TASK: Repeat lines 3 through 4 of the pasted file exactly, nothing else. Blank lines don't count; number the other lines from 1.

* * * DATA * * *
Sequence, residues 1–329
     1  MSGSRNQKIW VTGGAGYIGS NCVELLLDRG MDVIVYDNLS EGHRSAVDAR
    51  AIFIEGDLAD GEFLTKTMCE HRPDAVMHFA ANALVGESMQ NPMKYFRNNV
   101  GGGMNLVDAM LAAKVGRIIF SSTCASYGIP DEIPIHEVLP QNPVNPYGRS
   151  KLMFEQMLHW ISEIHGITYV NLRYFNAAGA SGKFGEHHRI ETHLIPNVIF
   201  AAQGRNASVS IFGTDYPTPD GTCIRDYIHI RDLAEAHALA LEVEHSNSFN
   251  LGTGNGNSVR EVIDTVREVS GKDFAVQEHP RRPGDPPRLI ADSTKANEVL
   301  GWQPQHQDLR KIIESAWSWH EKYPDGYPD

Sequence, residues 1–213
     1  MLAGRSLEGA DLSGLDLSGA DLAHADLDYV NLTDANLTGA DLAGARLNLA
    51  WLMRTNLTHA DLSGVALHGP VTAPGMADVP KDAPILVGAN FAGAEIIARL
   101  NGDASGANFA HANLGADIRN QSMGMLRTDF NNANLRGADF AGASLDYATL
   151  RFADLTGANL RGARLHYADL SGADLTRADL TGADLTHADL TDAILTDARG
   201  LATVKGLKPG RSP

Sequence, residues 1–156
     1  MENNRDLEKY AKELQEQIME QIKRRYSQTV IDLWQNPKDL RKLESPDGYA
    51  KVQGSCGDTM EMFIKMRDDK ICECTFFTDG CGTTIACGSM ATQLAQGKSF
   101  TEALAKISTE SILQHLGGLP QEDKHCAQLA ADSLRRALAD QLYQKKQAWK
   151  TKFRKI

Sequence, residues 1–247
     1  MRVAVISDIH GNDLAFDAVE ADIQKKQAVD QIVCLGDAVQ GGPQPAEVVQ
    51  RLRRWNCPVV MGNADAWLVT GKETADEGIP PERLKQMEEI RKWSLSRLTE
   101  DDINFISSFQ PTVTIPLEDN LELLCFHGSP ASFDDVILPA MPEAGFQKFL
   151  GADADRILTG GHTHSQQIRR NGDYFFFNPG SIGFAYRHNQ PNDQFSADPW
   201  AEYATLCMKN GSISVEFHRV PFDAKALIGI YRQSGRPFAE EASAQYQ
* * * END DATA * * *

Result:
    51  AIFIEGDLAD GEFLTKTMCE HRPDAVMHFA ANALVGESMQ NPMKYFRNNV
   101  GGGMNLVDAM LAAKVGRIIF SSTCASYGIP DEIPIHEVLP QNPVNPYGRS